The present invention also discloses a method of manufacturing an organic electroluminescence device, including forming a first electrode on a substrate, forming on the first electrode an organic layer including at least an organic light-emitting layer, and forming on the organic layer a second electrode made of an Mg—Ag layer having a thickness in a range of 170 Å to 200 Å.

It is to be understood that both the foregoing general description and the following detailed description are exemplary and explanatory and are intended to provide further explanation of the invention as claimed.

BRIEF DESCRIPTION OF THE DRAWINGS

The accompanying drawings, which are included to provide a further understanding of the invention and are incorporated in and constitute a part of this specification, illustrate embodiments of the invention and together with the description serve to explain the principles of the invention.

FIG. 1 is a photograph showing dark spots on cathode electrodes resulting from sputter damage.

FIG. 2 is a graph showing generation of leakage current due to the sputter damage.

FIG. 3 is a cross-sectional view showing an organic electroluminescence device according to a first exemplary embodiment of the present invention.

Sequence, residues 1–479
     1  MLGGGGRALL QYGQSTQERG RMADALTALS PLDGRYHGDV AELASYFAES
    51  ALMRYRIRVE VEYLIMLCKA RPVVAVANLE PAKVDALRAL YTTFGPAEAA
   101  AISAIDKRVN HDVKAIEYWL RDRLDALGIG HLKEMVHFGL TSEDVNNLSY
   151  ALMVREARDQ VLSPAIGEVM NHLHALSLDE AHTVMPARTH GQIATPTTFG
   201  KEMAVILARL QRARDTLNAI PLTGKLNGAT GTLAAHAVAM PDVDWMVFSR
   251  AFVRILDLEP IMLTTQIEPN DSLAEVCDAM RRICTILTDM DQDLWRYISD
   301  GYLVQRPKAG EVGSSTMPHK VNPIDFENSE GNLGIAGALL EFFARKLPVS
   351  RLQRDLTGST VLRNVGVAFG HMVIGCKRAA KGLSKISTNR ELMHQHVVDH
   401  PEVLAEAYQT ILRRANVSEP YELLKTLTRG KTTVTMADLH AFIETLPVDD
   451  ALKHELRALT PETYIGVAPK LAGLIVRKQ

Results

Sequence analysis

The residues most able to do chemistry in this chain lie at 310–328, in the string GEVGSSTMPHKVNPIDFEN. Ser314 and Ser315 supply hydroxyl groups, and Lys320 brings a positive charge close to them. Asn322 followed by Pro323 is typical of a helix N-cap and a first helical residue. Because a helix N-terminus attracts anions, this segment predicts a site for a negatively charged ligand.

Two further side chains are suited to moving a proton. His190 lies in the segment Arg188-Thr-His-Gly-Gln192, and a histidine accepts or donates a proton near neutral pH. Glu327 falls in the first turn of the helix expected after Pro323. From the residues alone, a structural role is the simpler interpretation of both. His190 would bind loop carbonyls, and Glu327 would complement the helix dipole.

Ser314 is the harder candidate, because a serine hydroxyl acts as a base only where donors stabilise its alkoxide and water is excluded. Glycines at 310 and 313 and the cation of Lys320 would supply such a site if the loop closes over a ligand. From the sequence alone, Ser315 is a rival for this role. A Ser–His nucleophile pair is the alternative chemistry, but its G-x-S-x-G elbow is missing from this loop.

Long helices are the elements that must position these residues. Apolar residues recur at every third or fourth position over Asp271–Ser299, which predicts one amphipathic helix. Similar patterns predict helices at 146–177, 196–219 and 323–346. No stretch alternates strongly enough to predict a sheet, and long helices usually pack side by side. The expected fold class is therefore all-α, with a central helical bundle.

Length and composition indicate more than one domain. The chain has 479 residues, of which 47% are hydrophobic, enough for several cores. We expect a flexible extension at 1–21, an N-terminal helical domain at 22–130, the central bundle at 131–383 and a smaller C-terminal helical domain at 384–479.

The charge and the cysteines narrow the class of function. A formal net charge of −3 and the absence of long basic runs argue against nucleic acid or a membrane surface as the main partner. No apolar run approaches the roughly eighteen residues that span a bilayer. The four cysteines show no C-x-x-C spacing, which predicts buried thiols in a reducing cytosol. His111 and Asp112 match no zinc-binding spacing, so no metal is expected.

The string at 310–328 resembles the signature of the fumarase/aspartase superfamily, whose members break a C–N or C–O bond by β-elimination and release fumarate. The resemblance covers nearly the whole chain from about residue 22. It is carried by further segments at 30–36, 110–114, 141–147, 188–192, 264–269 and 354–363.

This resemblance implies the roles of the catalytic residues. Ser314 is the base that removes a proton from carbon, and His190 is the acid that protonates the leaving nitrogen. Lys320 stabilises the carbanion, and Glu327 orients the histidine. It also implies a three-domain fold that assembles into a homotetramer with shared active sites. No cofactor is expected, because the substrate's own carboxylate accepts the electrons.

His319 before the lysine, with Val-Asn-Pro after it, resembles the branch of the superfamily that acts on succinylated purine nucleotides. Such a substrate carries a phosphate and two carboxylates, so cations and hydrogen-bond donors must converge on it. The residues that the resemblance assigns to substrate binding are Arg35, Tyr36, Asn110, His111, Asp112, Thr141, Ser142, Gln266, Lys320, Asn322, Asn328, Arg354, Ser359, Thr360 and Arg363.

FIG. 4 is a cross-sectional view showing an organic electroluminescence device according to a second exemplary embodiment of the present invention.

FIG. 5 is a graph showing light efficiency in experimental examples of the present invention and comparative examples.

FIG. 6 is a graph showing light transmittance in the experimental examples of the present invention and the comparative examples.

FIG. 7 is a graph showing lifespan in the experimental examples of the present invention and the comparative examples.

DETAILED DESCRIPTION OF THE ILLUSTRATED EMBODIMENTS

Now, exemplary embodiments of the present invention will be described in detail with reference to the accompanying drawings.

FIG. 3 is a cross-sectional view showing an organic electroluminescence device according to a first exemplary embodiment of the present invention.

Referring to FIG. 3, a plurality of first electrodes 12 may be provided on a substrate 10 by depositing and patterning a first electrode forming material. The first electrode 12 may serve as an anode or a cathode. The substrate 10 may comprise one or more thin film transistors (not shown) that are coupled to the first electrode 12. A pixel defining layer 14, which is made of an insulating material, may be formed on edges of each first electrode 12.

The first electrode 12 may be a transparent electrode or a reflective electrode. When the first electrode 12 is a transparent electrode, it may be made of, for example, an indium tin oxide (ITO) film, an indium zinc oxide (IZO) film, a tin oxide (TO) film, or a zinc oxide (ZO) film. On the other hand, when the first electrode 12 is a reflective electrode, it may be made of, for example, a silver (Ag), an aluminum (Al), a nickel (Ni), a platinum (Pt), or a palladium (Pd), or an alloy thereof, and a transparent oxide film made of ITO, IZO, TO, or ZnO may be stacked on the alloy.